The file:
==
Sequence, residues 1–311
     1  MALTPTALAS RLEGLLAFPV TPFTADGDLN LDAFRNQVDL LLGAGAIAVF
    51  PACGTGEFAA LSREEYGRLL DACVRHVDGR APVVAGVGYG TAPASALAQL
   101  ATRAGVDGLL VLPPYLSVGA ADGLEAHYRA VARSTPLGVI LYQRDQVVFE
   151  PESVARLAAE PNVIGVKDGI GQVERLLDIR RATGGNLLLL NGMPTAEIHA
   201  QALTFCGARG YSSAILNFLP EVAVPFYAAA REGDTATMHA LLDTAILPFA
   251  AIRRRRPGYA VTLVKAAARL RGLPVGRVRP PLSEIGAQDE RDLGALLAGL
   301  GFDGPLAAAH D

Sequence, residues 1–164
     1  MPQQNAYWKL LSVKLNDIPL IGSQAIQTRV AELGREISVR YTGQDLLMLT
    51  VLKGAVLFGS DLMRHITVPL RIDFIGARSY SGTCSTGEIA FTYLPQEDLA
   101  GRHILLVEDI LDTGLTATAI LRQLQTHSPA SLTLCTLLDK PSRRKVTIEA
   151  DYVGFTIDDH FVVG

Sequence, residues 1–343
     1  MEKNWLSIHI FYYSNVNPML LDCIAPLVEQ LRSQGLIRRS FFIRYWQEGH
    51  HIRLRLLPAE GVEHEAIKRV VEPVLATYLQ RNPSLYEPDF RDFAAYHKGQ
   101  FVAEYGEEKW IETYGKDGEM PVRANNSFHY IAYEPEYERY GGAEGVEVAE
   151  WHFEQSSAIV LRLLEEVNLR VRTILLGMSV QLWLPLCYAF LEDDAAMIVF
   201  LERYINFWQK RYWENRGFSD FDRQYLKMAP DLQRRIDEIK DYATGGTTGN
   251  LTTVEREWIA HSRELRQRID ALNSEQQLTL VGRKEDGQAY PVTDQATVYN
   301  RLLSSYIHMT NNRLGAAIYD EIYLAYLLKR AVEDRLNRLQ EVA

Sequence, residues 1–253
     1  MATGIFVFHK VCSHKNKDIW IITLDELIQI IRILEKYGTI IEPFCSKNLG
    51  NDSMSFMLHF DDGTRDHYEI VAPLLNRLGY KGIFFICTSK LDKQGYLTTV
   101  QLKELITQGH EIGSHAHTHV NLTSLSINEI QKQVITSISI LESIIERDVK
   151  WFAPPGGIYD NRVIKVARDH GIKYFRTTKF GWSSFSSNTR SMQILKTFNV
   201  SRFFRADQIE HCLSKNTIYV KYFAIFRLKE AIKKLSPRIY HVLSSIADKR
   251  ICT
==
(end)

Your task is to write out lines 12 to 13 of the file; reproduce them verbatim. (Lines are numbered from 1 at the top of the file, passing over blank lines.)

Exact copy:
   101  GRHILLVEDI LDTGLTATAI LRQLQTHSPA SLTLCTLLDK PSRRKVTIEA
   151  DYVGFTIDDH FVVG